CONCEALED WEAPON OR FIREARM LICENSE RENEWAL
Division of Licensing
Post Office Box 6387
Tallahassee, Florida 32314-6387
You may also renew your permit at a Division of Licensing regional office. You must call the office to schedule an appointment.
If your license has expired, you have up to 30 days to renew the permit. If it has been more than 30 days you must apply for a new permit.
To request a name change, provide a written request along with a copy of the legal document that verifies your name change. To obtain a revised license include a $15 check or money order made out to the Department of Agriculture and Consumer Services. To save $15, you may also keep your existing license and submit the name change request along with your renewal application and we will issue your renewal license with your legal name.
You are required to notify the Division of Licensing within 30 days of changing your address. You can submit an address change through their online form here or submit the change in writing to:
Division of Licensing
Tallahassee, FL 32314-6387
Your residence is no longer printed on the license so there is no need to pay $15 a duplicate license when changing your address.
Division of Licensing
P.O. Box 6387
Tallahassee, FL 32314-6387
Florida does not allow you to transfer another state’s concealed carry permit or license to Florida. You must apply for a new Florida Concealed Weapon License.
If you are moving to Florida and have a concealed weapon license or permit from another state that recognizes Florida Concealed Weapon Licenses, your permit is valid for 90 days from the date that you established legal residence via registering to vote, making a statement of domicile pursuant to s. 222.17, or filing for homestead tax exemption on property in Florida.
There are 3 ways to apply for a Florida Concealed Weapon License. The first is using their Fast Track Process which allows you to make an appointment at one of eight Division of Licensing regional offices to complete and submit your application.
The second option is to use the Concealed Weapon Intake System (CWIS) which allows you to make an appointment at one of five authorized Florida tax collectors offices to complete and submit your application.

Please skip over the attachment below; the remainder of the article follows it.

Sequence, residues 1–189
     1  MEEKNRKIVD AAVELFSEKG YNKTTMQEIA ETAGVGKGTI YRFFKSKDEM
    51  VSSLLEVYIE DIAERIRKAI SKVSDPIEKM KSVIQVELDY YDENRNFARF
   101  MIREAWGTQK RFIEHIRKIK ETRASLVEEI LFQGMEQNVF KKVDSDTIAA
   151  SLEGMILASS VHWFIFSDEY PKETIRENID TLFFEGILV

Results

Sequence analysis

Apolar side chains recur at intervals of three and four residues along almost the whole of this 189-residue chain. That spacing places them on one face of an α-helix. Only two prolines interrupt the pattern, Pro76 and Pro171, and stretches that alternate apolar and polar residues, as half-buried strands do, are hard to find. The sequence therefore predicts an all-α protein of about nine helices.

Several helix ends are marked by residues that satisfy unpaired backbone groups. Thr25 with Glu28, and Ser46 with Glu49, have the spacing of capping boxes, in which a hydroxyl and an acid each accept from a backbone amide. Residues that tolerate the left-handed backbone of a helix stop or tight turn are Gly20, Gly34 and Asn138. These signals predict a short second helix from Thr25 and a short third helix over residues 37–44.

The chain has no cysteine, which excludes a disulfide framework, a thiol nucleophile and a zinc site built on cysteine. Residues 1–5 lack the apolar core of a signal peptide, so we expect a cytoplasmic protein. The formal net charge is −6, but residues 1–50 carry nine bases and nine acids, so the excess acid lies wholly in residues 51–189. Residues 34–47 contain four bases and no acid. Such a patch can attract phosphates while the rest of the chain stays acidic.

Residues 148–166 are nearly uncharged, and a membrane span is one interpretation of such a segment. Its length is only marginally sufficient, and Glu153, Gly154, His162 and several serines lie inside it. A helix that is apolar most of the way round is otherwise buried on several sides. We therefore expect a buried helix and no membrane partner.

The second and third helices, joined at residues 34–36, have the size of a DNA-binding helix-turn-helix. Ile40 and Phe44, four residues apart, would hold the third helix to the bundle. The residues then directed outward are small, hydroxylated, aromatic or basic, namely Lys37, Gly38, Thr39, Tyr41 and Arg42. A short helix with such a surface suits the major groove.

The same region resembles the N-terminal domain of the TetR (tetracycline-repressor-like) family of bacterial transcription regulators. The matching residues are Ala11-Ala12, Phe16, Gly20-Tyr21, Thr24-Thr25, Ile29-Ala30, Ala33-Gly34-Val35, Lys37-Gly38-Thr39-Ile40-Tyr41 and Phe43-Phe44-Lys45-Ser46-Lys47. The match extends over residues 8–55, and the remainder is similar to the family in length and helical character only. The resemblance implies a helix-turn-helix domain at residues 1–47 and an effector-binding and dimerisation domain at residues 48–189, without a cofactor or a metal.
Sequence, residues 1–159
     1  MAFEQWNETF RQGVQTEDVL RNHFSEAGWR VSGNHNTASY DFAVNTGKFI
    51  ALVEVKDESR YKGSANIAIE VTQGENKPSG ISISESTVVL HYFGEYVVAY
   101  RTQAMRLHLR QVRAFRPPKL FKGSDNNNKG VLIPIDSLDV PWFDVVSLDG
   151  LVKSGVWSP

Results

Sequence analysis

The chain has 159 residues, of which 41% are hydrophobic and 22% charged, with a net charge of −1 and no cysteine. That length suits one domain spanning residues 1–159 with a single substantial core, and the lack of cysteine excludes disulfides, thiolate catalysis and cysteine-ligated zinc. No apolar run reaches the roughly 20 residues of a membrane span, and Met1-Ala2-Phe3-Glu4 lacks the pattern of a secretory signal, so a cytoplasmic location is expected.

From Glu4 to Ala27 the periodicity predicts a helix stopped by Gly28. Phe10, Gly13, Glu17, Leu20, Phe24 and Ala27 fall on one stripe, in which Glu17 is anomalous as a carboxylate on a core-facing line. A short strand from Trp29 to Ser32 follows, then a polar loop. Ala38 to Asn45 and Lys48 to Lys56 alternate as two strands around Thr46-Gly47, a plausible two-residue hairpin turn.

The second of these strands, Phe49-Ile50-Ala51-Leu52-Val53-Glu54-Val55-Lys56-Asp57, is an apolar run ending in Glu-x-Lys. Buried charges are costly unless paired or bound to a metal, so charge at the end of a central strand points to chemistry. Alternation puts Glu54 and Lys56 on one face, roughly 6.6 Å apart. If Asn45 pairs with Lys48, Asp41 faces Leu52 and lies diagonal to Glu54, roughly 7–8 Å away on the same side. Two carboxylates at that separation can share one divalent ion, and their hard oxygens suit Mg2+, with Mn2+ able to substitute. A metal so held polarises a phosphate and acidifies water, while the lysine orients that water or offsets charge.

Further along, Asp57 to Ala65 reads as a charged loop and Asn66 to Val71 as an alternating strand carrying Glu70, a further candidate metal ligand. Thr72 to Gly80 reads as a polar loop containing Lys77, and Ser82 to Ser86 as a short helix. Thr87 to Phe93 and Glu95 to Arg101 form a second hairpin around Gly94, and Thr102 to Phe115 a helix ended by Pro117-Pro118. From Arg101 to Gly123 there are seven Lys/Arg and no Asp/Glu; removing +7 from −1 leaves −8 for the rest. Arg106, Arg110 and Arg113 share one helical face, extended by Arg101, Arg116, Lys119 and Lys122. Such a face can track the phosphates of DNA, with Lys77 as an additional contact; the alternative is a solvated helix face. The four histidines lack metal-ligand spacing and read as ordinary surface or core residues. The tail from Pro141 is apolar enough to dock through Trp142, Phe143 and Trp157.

The third option is to mail in your application. You can download the application here as well as the application instructions here. You will also have to contact your law enforcement office to submit your fingerprints electronically.
Home protection; use or threatened use of deadly force; presumption of fear of death or great bodily harm.
On April 26, 2005, SB-436 was signed into law and took affect on October 1, 2005.
Properties that display a No Gun sign do not have the force of law in Florida unless that property is specifically mentioned in the State Law as being off limits to permit holders.
If you are asked to leave a property then you must leave. Refusing is breaking the law and you can be charged.
5/12/2017 – Updating links and information.
1/19/2015 – Format updated along with all information.
We try to keep the information on this page as up to date as possible but due to changing laws it is your responsibility to verify all information. The information on this page is for informational purposes only and not for the purpose of providing legal advice. You should contact your attorney to obtain advice with respect to any particular issue or problem. Use of and access to this Web site, emails or any of the links contained within the site do not create an attorney-client relationship between i156 LLC and the user or browser. The opinions expressed at or through this site are the opinions of the individual author and may not reflect the opinions of i156 LLC.